Estate Tax, Gift Tax, Generation Skipping Transfer Taxes

  • The Bill doubles the basic exclusion amount from $5 million under current law to $10 million (indexed for inflation).
  • The Bill repeals the estate and generation skipping transfer taxes beginning after 2023.
  • The Bill lowers the gift tax rate to a top rate of 35% (currently 40%) and retains an annual exclusion of $14,000 (indexed for inflation).

Pass-Through Entities

  • The Bill introduces an option for individual owners or shareholders of pass-through entities to treat a portion of pass-through entity net income distributions as “business income” that would be taxed at a maximum 25% rate. The remaining income would be taxed at the owner or shareholder’s individual income tax rates. Under current law, owners of pass-through entities are taxed on their share of business income at their respective individual income tax rates (i.e., there is currently no option to treat a portion of income as business income that would be taxed at a reduced rate).
  • The proposal offers two different ways to determine business income: (1) a set capital percentage of 30% of the net business income derived from active business activities (treated as business income subject to the 25% rate, and the remaining 70% is taxed at the owner or shareholder’s individual income tax rate), or (2) apply a formula to determine the exact capital percentage. Professional service partnerships are not eligible for the 70/30 rule. If the alternative method is chosen (option 2), the election would be binding for a five-year period. The Bill distinguishes between passive and active activities, to be determined pursuant to already-existing regulations.
  • The Bill repeals the current technical termination rule related to partnerships. Under current law, a partnership terminates if within a 12 month period there is a sale or exchange of 50% or more of the total interests in partnership capital and profits. The Bill repeals the technical termination rule, meaning the partnership would be treated as continuing and new elections that are currently required in the event of a technical termination would not be required or permitted.

Corporations

  • The Bill provides for a flat 20% corporate tax rate (25% for personal service corporations), eliminating the current marginal tax rate structure.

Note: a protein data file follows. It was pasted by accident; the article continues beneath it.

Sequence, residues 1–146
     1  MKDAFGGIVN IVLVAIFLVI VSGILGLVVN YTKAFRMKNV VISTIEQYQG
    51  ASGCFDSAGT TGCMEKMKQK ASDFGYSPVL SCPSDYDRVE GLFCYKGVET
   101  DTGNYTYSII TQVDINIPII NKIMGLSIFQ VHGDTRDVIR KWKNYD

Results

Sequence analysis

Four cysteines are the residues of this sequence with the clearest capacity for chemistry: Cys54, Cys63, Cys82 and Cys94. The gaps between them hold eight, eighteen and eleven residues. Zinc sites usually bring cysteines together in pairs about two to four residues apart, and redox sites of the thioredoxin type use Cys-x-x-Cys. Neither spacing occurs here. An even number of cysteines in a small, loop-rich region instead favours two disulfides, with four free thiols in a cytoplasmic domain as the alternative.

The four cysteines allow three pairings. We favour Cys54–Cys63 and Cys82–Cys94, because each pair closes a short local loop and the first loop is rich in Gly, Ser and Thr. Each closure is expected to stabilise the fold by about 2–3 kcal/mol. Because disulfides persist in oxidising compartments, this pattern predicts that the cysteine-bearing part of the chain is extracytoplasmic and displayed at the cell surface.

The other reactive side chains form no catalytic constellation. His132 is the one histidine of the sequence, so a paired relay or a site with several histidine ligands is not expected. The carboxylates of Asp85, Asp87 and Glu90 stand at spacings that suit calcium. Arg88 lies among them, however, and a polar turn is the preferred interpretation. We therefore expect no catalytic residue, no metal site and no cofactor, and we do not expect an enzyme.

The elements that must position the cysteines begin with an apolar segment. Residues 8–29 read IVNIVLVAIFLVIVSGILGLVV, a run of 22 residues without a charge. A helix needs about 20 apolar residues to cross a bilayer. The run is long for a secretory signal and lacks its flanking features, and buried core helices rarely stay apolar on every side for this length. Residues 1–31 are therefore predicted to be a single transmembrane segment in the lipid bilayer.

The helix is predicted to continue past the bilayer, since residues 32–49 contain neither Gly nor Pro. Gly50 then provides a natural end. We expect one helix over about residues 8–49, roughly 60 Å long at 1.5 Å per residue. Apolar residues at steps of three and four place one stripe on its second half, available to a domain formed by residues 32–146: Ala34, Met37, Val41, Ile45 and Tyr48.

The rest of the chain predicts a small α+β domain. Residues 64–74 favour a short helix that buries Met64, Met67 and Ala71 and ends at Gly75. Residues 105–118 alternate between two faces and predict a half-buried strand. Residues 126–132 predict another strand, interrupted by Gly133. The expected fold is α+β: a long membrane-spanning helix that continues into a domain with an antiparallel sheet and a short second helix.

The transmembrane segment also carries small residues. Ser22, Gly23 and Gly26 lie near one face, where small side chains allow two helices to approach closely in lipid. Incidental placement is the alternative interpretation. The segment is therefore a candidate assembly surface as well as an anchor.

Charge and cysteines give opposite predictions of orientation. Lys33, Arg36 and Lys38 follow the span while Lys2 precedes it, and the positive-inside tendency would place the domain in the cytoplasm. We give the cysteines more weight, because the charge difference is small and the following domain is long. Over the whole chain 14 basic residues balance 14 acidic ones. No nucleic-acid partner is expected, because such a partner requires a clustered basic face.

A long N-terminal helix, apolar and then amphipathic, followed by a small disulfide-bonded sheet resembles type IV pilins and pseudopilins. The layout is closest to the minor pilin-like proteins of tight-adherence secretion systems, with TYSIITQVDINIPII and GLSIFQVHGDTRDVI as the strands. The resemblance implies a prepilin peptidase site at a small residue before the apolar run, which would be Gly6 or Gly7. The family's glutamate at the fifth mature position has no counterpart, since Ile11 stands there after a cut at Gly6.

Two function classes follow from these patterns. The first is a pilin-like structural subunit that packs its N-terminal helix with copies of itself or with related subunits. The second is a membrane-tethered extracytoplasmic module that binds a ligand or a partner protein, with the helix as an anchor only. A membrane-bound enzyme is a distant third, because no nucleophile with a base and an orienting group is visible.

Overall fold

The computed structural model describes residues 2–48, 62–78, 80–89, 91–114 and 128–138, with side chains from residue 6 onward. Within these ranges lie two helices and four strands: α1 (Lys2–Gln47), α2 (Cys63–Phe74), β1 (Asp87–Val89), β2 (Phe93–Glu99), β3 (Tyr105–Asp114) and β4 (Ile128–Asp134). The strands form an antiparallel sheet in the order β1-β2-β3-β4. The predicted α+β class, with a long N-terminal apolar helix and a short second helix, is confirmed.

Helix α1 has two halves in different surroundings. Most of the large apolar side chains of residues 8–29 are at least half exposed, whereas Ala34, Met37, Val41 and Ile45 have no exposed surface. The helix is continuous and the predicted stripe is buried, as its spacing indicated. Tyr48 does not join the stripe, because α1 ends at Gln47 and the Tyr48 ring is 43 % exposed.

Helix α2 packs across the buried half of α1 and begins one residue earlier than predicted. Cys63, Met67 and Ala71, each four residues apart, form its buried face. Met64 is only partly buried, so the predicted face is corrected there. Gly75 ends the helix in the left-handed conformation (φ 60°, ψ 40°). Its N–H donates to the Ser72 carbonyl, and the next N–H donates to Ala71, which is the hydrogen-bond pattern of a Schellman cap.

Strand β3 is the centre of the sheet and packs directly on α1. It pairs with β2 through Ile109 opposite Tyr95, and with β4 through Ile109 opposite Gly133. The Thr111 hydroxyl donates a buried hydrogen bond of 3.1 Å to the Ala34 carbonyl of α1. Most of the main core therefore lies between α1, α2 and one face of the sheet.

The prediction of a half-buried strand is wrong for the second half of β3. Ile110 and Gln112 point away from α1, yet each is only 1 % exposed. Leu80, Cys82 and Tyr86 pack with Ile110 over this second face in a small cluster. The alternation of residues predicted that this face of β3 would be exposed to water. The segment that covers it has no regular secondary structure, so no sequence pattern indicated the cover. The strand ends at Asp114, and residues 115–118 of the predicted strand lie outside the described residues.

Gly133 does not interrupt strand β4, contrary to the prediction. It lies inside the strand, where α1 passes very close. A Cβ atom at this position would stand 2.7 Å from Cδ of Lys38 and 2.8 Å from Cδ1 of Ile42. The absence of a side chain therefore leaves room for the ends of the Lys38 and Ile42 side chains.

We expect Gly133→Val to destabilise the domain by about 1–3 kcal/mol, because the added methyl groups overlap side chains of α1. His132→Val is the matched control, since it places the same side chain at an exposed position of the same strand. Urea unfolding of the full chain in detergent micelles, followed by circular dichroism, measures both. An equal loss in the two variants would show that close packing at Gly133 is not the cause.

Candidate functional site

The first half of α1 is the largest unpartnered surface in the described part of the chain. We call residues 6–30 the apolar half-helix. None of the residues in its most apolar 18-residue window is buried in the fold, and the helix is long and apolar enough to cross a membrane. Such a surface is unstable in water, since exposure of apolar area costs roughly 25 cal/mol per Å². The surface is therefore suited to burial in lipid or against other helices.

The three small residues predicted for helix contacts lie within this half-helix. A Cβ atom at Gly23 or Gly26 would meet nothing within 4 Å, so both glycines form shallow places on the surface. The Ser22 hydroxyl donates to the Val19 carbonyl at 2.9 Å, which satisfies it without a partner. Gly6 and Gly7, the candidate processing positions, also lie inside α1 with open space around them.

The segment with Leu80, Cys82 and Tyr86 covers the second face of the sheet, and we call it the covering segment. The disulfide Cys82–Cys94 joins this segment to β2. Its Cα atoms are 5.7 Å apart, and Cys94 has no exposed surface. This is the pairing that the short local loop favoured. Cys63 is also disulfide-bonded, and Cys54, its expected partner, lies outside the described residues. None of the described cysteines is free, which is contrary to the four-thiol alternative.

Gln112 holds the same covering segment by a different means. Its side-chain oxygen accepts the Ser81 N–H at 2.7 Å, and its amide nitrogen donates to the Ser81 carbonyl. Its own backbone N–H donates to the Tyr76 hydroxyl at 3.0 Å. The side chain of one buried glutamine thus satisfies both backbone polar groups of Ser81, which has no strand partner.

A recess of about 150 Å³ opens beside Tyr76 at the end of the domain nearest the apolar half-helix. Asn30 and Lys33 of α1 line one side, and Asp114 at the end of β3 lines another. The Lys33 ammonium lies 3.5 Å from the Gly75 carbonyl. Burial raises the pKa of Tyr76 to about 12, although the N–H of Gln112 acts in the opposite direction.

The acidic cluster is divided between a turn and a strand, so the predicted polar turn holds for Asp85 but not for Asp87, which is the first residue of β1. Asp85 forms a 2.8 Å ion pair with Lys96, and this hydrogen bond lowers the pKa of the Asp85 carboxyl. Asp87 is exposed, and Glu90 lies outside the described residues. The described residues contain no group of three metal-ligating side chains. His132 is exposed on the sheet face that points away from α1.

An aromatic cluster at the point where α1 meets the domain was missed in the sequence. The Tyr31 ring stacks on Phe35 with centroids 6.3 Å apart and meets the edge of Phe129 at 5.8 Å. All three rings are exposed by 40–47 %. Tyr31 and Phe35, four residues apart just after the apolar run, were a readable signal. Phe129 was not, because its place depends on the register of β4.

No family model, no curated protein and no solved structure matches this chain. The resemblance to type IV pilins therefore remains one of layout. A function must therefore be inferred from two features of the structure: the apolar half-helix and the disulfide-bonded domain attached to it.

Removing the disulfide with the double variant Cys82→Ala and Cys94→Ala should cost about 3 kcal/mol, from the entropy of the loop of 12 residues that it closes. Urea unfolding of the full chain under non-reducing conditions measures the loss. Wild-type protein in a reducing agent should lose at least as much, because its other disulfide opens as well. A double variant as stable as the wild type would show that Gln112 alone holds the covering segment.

• The Bill provides for enhanced cost recovery deductions and expands section 179 expensing. Under current law, taxpayers may take additional depreciation deductions when it places qualified property in service through 2019. The additional depreciation is limited to 50% of the cost of the property, at most. The Bill allows taxpayers to fully and immediately expense 100% of the cost of qualified property acquired and placed in service after September 7, 2017 and before January 1, 2023, and expands property that is eligible.
  • The Bill modifies the accounting method rules. Under current law, corporations with average gross receipts exceeding $5 million typically must use the accrual method of accounting. The Bill allows more corporations and partnerships with corporate partners to be eligible for the cash method of accounting by increasing the $5 million threshold to $25 million.
  • The Bill also allows more taxpayers to be eligible to use the completed contract method of accounting for long-term contracts (as opposed to the percentage of completion method) by increasing the threshold amount from $5 million to $25 million. The completed contract method allows eligible taxpayers to deduct costs associated with construction when they are paid and recognize income when the contract is completed.
  • The Bill modifies or repeals several business-related deductions. The Bill provides for interest deduction limitations (although the limitations do not apply to businesses with average gross receipts of $25 million or less), which disallows a deduction for net interest expense in excess of 30 percent of the business’s adjusted taxable income. The Bill also modifies the net operating loss deduction and nonrecognition for like-kind exchanges (discussed above – limited to exchanges of real property under the Bill), among other deductions. The Bill repeals deductions for local lobbying expenses and domestic production activities (DPAD).
  • The Bill repeals a number of business credits.

Tax Controversy

  • From a tax controversy perspective, the Bill does not modify any existing procedural rules for dealing with the IRS or provide for additional penalties.

This article touches on only a few topics addressed in the Bill. The Bill also revises taxation of foreign income and foreign persons, multi-national businesses, and exempt entities. You can read the Ways and Means Committee’s section-by-section summary of the Bill here.

The White House, Washington, D.C.On October 16, 2017, the White House released the Council of Economic Advisers’ Report, entitled Corporate Tax Reform and Wages: Theory and Evidence.  The Report comes in the wake of the current administration’s push for major tax reform.  With $299 billion in corporate profits abroad in 2016, the focus of the Report is to make the U.S. corporate tax rate more competitive in a global market.  The ultimate goal is for the benefits of the competitive U.S. corporate tax rate to trickle down to an increase in wages.  The Report reaches the conclusion that decreasing the U.S. corporate tax rate from the current thirty five percent to twenty percent will increase the average household income by $4,000 up to $9,000 annually.